By Suzanne Roberta-Meyer
Founding Partner at Adesse New York
Today’s consumers are highly educated and very savvy when it comes to understanding clean, green and organic beauty products. Every day, we are exposed to toxins, harmful ingredients and environmental impurities. So, when we can opt for cleaner products, most of us do.
When it comes to beauty products, and particularly nail polish, there is a lot of confusion about the notion of organic nail polish. If you google organic nail polish, you will get over two million results, so everyone is trying to understand this concept.
There are many nail brands that are “3 Free” and “5 Free”. This means they are made without the most harmful ingredients; DBP, Toluene, Formaldehyde, Formaldehyde Resin and Camphor. But this does not make them organic.
All nail polish is a compound of five main ingredients, described here. Organic nail polish does not exist because there are no known organic alternatives of these ingredients.
To better understand, let’s take a look at how nail polish is made and how the ingredients work together.
Nitrocellulous, also known as Cellulous Nitrate; is the primary film forming ingredient found in all nail polish formulas. It’s exceptional adhesion property to the nails makes it an indispensable ingredient in the nail polish formulation. It is also durable, and allows the solvents to release, allowing the nails to dry quickly. Nitrocellulous is semi-occlusive, so it protects the nails, while still allowing them to breathe.
Resins and plasticizers are ingredients that increase flexibility and resistance to soap and water. While older nail polish formulas typically used nylon, modern formulas use combinations of amyl and butyl stearate, castor oil, glycerol, fatty acids and acetic acids. There is no one specific combination so nail polish manufacturers typically develop their own proprietary formulations.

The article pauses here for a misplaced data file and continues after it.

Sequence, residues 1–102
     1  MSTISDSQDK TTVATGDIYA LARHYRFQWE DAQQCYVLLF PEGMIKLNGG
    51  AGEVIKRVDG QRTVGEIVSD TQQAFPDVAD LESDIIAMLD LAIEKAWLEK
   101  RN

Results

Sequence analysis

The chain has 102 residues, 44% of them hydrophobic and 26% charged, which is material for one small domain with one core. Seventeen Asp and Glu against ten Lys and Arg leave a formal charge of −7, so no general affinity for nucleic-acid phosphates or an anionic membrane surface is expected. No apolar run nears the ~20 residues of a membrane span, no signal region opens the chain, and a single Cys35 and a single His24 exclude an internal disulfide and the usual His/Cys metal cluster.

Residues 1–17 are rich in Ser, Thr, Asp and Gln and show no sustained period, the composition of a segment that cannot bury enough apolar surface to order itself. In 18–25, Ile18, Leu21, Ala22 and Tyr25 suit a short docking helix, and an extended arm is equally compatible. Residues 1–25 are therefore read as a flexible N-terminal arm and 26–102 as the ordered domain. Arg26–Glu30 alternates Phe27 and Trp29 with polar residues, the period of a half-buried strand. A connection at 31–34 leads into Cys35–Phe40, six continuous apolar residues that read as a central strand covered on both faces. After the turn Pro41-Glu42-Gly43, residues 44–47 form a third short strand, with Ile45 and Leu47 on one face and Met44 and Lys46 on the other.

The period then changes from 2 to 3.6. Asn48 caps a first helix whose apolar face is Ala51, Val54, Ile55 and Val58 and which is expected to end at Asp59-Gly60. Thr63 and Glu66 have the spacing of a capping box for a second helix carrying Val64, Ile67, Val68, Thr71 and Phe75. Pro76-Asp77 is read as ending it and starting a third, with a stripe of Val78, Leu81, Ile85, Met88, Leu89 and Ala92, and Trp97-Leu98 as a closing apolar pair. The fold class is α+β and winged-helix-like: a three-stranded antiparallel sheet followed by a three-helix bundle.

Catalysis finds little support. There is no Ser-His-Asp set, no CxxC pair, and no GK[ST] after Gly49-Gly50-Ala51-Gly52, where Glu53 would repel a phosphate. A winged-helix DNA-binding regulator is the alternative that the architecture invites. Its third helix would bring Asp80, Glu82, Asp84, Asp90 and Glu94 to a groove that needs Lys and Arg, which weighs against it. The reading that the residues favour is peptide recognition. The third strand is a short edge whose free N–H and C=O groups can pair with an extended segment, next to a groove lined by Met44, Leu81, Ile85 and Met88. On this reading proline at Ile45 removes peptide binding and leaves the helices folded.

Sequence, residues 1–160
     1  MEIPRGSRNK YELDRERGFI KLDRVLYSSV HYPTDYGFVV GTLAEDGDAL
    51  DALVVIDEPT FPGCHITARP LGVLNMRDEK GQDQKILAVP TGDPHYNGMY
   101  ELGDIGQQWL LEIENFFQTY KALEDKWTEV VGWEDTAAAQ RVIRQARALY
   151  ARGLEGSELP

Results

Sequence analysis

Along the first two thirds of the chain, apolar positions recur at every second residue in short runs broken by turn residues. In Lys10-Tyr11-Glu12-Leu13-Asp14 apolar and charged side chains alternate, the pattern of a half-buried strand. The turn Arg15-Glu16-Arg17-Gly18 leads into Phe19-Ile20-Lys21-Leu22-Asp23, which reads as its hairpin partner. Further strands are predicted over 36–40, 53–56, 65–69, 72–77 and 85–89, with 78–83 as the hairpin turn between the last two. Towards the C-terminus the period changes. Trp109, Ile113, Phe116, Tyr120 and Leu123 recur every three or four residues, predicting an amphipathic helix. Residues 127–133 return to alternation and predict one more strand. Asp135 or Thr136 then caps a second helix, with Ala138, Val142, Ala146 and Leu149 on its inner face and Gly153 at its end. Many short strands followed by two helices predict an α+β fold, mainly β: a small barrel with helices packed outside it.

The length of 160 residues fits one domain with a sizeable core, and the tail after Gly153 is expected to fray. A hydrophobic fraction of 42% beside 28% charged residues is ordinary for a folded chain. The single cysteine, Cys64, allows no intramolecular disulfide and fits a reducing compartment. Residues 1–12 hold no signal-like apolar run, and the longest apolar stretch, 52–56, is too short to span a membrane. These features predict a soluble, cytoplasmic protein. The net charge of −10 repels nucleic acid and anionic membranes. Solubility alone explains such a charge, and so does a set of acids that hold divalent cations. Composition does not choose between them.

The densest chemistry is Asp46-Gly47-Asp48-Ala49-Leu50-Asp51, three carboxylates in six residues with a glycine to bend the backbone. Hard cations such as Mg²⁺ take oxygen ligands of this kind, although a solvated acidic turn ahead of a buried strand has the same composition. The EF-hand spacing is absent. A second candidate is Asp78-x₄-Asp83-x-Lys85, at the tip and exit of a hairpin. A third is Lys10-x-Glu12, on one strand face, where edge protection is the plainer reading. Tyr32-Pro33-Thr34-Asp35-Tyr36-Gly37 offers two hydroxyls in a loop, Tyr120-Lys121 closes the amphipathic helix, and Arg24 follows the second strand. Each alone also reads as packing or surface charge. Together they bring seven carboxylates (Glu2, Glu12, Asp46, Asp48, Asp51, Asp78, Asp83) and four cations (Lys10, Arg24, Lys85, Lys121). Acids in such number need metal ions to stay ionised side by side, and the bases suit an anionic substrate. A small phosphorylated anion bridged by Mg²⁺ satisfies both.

After nitrocellulose and resins and plasticizers are combined, the next ingredient to add to the mix are coloring pigments held together by solvents. While early nail polish contained soluble dyes, today’s products are colored with pigments. The solvent must evaporate after the polish is applied to nails. Coloring is added in a two-roll differential speed mill in order to grind the pigment as well make sure that all ingredients are evenly distributed throughout the polish.
At Adesse New York, we formulate the cleanest nail polish available on the market. Our polish is 5 Free, Vegan, Cruelty Free, Free from Parabens, Sulfates, Phthalates, Petrochemicals, GMO’s and Triclosan. We infuse each of our polishes with organic pigment, mica, minerals and essential oils including Bamboo Extract, Shea and Argan Oils. All of our products are made in New York.
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